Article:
Barry Strawbridges's picture

My setup is this, My media is stored locally on my editing computer. I don't edit directly from a NAS.

- I have a 6- bay NAS dedicated to backing up all my photos and videos from my editing machine. The other bays on that NAS will also image the same "media" drive.
- I have another 6-bay NAS that images the boot drives for my Windows machines and acts as a Time Machine for my Macs. Those get backed up weekly.
- All of hose NASes get backup'ed to three 8-bay NASes. The only purpose for those two NASes is just to wait to copy those backups. Those 8-bay NASes sit idle otherwise.
- I also have some spare 2U HP servers that I'll occassionally boot up to throw some random backups on.
- I also use Backblaze to back up my editing machine.

Daniel Grossman's picture

Maybe it's just me, but I've had a Samsung T5 and a Samsung T7 drives fail on me. Fortunately, I didn't lose any data because I backed them up before the failure but the failures did cost me time and I was unable to back up while on the road. Again, that's just me but I am looking for other portable solutions besides Samsung.

Naruto Uzumaki's picture

One option that I like to use, is a VPN server. Most NAS devices as well as mode modern Co sumer routers have a built in OpenVPN server feature.
Enable the server, and then when on the go, connect to your VPN, especially if where you are staying has good upload throughput. Then your hack up software can continue to automatically backup to your NAS even when away from home. It is also useful for public/ hotel WiFi which is monitored.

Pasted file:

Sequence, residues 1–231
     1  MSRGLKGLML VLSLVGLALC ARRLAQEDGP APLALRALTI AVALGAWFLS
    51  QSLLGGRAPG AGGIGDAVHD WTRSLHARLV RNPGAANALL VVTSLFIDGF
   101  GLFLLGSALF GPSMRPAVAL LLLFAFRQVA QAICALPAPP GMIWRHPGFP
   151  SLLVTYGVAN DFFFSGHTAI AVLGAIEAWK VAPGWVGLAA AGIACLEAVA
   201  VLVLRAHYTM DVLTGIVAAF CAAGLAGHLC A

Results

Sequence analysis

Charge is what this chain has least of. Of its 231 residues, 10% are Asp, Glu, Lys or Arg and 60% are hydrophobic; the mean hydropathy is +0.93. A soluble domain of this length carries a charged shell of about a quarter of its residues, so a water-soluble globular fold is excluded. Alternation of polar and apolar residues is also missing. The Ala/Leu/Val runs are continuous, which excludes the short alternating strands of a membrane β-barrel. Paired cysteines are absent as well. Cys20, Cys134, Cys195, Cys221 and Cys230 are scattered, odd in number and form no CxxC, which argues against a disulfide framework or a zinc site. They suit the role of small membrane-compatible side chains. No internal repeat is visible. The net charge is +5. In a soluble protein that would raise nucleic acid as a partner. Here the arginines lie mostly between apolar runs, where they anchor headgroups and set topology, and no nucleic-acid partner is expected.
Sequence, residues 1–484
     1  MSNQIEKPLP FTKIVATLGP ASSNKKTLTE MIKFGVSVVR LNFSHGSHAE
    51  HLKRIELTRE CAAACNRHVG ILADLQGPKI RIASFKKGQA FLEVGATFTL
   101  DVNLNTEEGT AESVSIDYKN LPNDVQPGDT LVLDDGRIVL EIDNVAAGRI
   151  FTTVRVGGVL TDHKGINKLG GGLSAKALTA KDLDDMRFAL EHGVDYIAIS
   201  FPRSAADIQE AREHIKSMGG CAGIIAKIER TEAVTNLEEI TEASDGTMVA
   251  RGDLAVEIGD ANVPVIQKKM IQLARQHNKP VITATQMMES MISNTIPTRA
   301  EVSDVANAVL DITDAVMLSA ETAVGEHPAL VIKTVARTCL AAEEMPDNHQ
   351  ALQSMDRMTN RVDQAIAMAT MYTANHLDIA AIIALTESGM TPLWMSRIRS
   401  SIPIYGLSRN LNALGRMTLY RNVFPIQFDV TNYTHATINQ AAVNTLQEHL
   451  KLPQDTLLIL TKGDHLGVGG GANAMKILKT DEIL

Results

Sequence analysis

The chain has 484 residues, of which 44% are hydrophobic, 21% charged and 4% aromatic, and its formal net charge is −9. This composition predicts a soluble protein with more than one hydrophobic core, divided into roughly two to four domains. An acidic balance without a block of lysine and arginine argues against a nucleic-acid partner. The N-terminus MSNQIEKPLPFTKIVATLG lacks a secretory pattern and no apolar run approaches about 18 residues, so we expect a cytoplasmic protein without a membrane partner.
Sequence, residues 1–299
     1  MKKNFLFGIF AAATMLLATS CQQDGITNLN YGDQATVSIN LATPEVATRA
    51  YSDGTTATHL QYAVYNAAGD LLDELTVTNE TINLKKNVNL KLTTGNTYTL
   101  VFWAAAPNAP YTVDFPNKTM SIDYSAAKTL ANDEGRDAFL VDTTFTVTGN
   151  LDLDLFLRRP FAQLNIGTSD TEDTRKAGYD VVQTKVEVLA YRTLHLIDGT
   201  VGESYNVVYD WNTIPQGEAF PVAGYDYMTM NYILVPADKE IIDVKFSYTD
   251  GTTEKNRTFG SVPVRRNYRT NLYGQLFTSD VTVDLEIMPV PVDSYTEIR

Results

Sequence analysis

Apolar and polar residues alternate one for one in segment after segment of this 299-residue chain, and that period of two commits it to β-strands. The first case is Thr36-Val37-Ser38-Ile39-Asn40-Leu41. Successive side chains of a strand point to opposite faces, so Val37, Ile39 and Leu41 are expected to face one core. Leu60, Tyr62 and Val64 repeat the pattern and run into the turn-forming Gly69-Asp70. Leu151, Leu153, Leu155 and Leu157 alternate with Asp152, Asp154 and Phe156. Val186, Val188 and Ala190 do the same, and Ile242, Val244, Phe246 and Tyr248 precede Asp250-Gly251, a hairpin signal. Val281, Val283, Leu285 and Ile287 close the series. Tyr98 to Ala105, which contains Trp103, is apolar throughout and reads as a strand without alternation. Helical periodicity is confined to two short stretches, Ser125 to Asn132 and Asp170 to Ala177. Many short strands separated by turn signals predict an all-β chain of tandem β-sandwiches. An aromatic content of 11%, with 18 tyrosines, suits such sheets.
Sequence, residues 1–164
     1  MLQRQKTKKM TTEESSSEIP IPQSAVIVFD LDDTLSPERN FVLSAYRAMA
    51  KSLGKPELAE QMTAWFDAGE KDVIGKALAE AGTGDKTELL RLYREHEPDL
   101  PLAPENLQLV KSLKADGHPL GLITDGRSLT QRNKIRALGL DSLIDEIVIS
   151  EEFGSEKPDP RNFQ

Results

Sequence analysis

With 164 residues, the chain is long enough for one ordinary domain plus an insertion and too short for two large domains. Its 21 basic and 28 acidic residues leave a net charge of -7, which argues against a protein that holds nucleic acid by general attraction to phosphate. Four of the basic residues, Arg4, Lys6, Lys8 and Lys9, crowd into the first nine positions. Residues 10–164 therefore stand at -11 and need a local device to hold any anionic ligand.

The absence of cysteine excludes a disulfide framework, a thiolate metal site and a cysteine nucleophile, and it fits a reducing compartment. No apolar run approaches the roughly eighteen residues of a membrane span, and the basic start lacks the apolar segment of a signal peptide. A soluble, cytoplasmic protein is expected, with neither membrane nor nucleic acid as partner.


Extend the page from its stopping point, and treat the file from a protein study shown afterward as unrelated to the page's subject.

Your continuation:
PS if the home router is lower end, it is best to have the OpenVPN software running on the NAS or other device rather than the router, as lower end ones will perform slowly, topping out at around 20Mbit/s.

Daniel Grossman's picture

We Thanks. I am going to have to look into it. I'm not a pro but I hate to lose images nonetheless.

Michal Krause's picture

One important (but often overlooked) thing when considering a backup strategy, is how long your backup system keeps versions of changed files. It can easily happen (and it is pretty common actually) that you won't find out that your files were damaged or deleted immediately but after some time. If this time is longer than the retention period of your backup system, you won't be able to recover your precious data. It's a weakness of the basic Backblaze plan too (amongst other cloud services) – it keeps older versions or deleted files only for 30 days, which is too short in my opinion. Backblaze allows you to extend version history to 1 year (it may or may not be enough, it depends on your needs, your contracts with clients and so) or forever, which is definitely better but also much more expensive. If you want to manage the retention period on your own, you may prefer to use separate cloud storage (Wasabi, Backblaze B2, Amazon S3) and a backup application supporting cloud backup.

There are many backup tools and strategies, but you should always pay attention to how long the selected backup system keeps older versions and deleted files.

Naruto Uzumaki's picture

Many backup applications including windows backup/ file history, offers version history be default. Same with many NAS devices and software for DIY solutions.
with a NAS solution, you can often apply different rules to different backup pools, for example, keeping unlimited versions that do not expire for text documents and PDFs, and 1 year for everything else.

Then if some versioning gets out of hand, you can have it erase every version older than a date you pick.

Windows file system can do some of this, you can set version limits and time limits, though for more granular rules, you need a DIY solution such as FreeNAS/ TrueNAS.